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Chris DeMuth Jr.
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"It's not given to human beings to have such talent that they can just know everything about everything all the time. But it is given to human beings who work hard at it - who look and sift the world for a misplaced bet - that they can occasionally find one." - Charlie Munger I look... More
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  • Some Things “Just Aren't Done”.  9 comments
    Aug 16, 2013 2:41 PM

    What wouldn't you invest in?

    To define the question a bit further, I want to place some constraints: legal, honest, financials written in a common language, and accounting under a common standard. I am thinking only of investments that are both permissible and analyzable. Within that universe of opportunities, what wouldn't you invest in, were a given security trading at a price that appears to meaningfully diverge from its value? I ask in order to get the lay of the land in terms of what "just isn't done". Bankrupt companies? Tobacco? Gaming? Firearms? Stocks under $5 per share? Leveraged companies? Late filings?

    My answer: nothing. There is nothing that I would not buy for the right price (under the constraints enumerated above). The expected value of one's portfolio is a result of outcomes and sizing but it is also limited - voluntarily limited - by your mandate. As for me and mine, I want to maximize expectancy and therefore minimize the arbitrary limitations on our mandate. At the same time, we love counterparties with constrained mandates. What are your constraints? Stated another way: if you could invest in whatever you like, what would you dedicate your time, energy, and money towards? In practice, how does that diverge from what you spend your resources on today?

    In polling friends at large money managers, the typical response is that they spend between 5-20% of their money under management on investments that they think are the best (had they no audience but their selves and no goal but +EV). The rest is for institutional reasons, typically career preservation and reputation management. The problem with investing is that many of the investments that are most institutionally defensible have virtues that are the most obvious and priced in.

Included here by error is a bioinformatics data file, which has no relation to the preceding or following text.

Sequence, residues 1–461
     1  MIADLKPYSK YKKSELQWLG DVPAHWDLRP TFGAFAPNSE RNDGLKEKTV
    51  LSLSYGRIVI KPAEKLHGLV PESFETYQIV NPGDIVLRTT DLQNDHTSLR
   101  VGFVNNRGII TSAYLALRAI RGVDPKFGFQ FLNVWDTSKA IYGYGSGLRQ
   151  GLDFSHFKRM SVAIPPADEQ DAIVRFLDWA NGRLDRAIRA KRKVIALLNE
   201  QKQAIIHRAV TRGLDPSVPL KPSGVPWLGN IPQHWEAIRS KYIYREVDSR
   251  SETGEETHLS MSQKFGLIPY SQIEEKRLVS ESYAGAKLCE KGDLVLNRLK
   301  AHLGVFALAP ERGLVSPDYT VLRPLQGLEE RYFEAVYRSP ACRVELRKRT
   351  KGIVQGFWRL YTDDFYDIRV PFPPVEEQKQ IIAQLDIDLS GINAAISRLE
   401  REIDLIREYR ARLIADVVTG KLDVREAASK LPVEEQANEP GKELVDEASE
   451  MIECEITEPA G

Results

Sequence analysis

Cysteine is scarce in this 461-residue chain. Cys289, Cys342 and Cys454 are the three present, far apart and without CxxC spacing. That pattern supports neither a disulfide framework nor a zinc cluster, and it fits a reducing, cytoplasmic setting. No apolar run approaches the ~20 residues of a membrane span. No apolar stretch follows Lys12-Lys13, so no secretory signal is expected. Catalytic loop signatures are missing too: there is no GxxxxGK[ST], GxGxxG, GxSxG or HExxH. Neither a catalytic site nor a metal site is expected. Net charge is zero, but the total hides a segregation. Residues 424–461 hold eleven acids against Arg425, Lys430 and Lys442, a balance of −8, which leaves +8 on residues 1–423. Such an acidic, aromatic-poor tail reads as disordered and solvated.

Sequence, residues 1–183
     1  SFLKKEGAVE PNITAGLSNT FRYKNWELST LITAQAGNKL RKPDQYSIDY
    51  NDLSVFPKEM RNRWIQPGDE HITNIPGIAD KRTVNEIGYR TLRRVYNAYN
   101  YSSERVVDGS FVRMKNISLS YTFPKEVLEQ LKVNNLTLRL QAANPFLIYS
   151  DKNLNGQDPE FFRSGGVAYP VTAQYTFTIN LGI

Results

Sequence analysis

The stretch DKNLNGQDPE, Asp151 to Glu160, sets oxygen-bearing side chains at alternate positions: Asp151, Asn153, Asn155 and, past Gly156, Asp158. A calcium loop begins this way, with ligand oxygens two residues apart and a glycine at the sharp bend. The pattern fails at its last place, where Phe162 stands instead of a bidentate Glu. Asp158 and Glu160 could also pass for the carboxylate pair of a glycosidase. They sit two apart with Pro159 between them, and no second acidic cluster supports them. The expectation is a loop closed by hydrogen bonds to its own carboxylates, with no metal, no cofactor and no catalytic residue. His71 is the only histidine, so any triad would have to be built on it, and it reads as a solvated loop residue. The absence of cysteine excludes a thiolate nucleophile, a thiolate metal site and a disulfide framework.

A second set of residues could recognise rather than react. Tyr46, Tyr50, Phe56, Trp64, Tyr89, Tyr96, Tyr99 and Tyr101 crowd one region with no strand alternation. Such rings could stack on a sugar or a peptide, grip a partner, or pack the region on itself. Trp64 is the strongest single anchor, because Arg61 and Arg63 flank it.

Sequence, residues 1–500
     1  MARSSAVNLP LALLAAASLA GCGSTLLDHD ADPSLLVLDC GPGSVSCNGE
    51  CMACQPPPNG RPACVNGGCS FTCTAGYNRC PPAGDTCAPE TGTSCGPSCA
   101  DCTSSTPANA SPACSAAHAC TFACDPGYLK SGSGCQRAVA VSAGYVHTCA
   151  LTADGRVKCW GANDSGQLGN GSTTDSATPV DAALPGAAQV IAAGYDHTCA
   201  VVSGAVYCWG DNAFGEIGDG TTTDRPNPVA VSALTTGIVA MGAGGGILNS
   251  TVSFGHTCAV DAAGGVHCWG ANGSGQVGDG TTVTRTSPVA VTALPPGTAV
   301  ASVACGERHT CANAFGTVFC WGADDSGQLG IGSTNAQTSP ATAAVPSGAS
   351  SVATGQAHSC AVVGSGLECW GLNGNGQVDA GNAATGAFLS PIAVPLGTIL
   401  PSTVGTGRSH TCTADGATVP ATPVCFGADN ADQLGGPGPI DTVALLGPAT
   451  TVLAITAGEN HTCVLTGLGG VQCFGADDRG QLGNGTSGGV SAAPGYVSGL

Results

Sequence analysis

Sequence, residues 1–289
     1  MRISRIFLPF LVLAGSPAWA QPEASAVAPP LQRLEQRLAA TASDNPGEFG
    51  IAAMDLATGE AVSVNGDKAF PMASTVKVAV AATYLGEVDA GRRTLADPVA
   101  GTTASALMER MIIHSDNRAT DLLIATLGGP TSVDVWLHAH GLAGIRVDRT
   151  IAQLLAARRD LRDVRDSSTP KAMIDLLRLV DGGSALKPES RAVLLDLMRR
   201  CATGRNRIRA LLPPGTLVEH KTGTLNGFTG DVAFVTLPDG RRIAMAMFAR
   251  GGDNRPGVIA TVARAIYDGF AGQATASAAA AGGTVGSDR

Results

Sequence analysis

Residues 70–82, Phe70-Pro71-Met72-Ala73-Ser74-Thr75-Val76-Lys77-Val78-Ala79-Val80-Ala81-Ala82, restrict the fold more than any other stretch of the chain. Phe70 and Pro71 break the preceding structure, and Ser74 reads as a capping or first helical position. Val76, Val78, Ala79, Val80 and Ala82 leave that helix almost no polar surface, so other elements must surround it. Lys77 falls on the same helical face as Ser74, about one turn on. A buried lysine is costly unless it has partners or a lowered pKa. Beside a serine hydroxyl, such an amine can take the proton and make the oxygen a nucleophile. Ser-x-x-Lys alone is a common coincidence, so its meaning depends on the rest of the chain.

Happily, I've been able to preserve an environment that is dictated by expectancy: first and foremost our downside, then our upside and probability of each potential outcome. The simple task of trying to make sense of the world is hard enough work. It is nearly impossible to do it while simultaneously trying to appease arbitrary irrelevant goals simultaneously. Trying to actually make sense can be so different than trying to look like you are making sense that the two will frequently end up on opposite sides of a trade. We will end up liquidity providers for counterparties who have to show that they are in the latest fad or out of the latest scare, because that is what they are paid to do. Some things just aren't done… and we love to do them for the right price.

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Comments (9)
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  • "legal, honest"


    These, especially the later, are more fuzzy than at first glance. Take Tobacco, who lied about the effects of tobacco for decades. How about the big banks who withheld significant off-balance sheet arrangements leading up to the crash? Legal - yes; honest - maybe not??? On the former, what about companies doing business in China, as virtually all them are involved in some form of quasi-illegal corruption. All companies are hiding something (internal financials!) so perhaps honesty should be treated as a spectrum rather than a binary. Buffet has commented that he uses degree of management honesty as a criteria.


    My big category really falls under "analyzable". I'm not a full time analyst (I have a much more interesting day-job). So there are large swaths of companies where I don't have the time/knowledge to understand the risks. I file these as "I don't know" - I choose not to spend the time to understand them - and avoid them.
    16 Aug 2013, 03:37 PM Reply Like
  • My answer is the same: nothing. In fact, it annoys me immensely when I hear people argue that others should not invest in, or should sell out of a stock, because of some misguided moral judgment that has nothing to do with a sound investment thesis.